Thirty-meter tall matryoshka dolls at Matryoshka Square in Manzhouli, the Inner Mongolia autonomous region.
When it comes to Inner Mongolia, we usually think of expansive grassland, where cattle and sheep graze beside a meadow. But the Inner Mongolia autonomous region is not only China's largest pastoral region, but also China's first provincial-level ethnic region.
And the 70th anniversary of the establishment of the autonomous region will be held in Hohhot this month.
The region covers an area of 1.18 million square kilometers, accounting for 12.3 percent of the total area of the country, and is home to 25.11 million Han, Mongolian, Manchu and 55 other ethnic groups who live harmoniously.
People from all ethnic groups help each other, work together, and have built the region into a fertile land of culture and inclusive development.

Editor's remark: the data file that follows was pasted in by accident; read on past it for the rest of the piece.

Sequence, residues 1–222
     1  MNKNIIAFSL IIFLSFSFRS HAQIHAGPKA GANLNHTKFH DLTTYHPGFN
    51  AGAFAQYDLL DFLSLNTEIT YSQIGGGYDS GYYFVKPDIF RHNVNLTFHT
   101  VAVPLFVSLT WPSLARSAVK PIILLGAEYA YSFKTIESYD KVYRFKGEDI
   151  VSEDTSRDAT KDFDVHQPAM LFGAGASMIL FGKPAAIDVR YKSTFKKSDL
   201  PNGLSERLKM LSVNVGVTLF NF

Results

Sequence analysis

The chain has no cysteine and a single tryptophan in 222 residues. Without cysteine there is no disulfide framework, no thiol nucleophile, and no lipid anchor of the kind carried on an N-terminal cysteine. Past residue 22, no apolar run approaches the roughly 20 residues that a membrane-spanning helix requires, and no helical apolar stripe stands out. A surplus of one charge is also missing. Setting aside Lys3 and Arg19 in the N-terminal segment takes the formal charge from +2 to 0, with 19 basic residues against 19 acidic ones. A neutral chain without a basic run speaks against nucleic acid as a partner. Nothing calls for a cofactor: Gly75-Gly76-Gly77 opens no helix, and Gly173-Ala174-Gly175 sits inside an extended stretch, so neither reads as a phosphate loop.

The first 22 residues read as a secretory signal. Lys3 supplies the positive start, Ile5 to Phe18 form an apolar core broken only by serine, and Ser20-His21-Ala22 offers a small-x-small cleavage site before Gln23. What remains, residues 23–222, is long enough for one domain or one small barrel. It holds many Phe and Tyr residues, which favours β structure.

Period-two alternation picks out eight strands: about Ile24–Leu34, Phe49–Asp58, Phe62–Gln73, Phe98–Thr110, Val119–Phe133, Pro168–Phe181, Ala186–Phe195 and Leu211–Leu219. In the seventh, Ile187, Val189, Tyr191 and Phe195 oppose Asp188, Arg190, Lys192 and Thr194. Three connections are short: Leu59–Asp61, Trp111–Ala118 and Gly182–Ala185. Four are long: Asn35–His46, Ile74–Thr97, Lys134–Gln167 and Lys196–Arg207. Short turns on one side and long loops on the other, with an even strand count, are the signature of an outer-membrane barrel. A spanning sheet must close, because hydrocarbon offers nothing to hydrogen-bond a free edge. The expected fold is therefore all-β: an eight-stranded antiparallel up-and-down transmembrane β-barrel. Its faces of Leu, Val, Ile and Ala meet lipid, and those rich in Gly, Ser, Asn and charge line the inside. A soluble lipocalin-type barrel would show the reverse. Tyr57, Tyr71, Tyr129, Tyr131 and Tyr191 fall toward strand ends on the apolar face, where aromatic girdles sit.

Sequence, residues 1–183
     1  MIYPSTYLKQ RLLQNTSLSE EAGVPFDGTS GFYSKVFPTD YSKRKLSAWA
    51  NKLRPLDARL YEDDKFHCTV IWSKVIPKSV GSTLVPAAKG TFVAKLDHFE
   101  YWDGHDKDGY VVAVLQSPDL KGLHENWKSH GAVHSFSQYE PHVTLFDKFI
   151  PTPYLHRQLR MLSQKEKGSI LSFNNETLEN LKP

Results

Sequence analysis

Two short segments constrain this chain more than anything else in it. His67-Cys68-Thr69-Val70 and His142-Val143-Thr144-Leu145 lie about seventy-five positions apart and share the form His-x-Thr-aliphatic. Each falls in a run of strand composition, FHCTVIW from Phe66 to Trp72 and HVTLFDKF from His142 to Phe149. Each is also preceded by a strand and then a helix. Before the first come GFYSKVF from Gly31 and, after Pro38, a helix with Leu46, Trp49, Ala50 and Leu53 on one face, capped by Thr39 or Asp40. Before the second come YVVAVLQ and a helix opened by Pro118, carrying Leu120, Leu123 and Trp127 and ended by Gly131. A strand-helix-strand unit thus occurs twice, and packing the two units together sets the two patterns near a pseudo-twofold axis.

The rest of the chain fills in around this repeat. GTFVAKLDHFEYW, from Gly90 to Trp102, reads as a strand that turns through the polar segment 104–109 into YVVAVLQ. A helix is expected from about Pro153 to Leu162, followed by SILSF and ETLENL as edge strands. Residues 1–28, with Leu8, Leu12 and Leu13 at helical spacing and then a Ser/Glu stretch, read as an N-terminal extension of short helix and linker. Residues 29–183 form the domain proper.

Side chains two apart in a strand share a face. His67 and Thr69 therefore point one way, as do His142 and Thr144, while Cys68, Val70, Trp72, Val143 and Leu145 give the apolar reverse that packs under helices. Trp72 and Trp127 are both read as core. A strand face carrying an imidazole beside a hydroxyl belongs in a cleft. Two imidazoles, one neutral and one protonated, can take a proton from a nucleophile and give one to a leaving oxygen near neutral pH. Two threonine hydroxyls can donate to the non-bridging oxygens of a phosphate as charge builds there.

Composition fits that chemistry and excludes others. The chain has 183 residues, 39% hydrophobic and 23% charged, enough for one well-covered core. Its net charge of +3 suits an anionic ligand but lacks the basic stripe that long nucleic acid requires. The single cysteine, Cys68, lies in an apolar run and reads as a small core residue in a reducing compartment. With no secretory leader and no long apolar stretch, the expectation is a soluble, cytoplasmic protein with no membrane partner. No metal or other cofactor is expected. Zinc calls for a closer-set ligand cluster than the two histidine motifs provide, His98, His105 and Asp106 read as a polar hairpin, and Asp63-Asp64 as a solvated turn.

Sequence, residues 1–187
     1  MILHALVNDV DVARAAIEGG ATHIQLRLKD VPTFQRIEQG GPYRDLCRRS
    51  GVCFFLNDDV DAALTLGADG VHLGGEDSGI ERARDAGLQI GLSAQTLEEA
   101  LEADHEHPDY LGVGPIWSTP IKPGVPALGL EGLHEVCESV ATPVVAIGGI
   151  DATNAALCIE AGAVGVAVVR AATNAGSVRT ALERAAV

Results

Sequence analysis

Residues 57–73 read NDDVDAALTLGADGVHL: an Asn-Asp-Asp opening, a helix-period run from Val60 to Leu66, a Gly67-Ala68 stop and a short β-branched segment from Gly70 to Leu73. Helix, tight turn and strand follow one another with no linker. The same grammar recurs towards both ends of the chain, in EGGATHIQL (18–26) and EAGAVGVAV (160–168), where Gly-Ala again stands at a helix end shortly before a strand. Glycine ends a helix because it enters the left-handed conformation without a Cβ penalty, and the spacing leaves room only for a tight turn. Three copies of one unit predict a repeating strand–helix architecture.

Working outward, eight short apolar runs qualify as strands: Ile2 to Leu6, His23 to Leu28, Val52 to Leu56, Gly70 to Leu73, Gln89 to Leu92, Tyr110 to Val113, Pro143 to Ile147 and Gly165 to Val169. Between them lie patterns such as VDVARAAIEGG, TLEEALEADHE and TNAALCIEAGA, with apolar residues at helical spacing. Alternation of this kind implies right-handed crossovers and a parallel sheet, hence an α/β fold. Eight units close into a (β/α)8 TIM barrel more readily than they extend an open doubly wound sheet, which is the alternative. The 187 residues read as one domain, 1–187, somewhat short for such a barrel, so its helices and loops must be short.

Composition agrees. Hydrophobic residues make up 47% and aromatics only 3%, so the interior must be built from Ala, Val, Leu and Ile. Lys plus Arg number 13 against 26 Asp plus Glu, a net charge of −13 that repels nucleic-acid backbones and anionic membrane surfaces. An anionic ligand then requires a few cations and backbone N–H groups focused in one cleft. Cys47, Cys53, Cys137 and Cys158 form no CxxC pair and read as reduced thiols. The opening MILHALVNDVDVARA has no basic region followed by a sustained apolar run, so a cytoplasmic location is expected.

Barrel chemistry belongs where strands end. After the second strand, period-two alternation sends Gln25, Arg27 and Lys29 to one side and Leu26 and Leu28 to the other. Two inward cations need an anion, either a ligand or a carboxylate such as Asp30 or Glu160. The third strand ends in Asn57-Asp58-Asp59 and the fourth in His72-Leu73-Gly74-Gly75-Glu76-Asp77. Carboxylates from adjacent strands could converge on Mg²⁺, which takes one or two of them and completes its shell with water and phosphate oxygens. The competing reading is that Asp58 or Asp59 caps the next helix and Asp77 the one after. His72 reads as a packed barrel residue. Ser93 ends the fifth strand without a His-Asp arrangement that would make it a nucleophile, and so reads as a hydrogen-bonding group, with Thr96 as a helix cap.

In Hohhot, the story of the "grassland hero sisters", which influenced generations of young people, has been choreographed into a musical.
And, in Ulanhot, people share their signature dishes in Xing'an Street's multiethnic community. A food festival has been held for seven consecutive years.
Inner Mongolia shares a 4,200-km border with Mongolia and Russia.
And located at the junction of the Sino-Russian and Mongolian border is Manzhouli, a century-old port city, known as the "window of East Asia".
Here, you see the integration of styles from the three countries in Matryoshka Square.
As China's gateway to the north, Manzhouli is also China's international name card.
While striving for economic growth, Inner Mongolia also pays great attention to the protection of the environment.
Genhe River in Hulunbuir is China's coldest city, where the annual average temperature is -5.3 C. It is the only reindeer habitat in China.
Over the past 70 years, Inner Mongolia's economic, political, cultural and social undertakings have developed in an all-around manner, and all its ethnic groups live in harmony.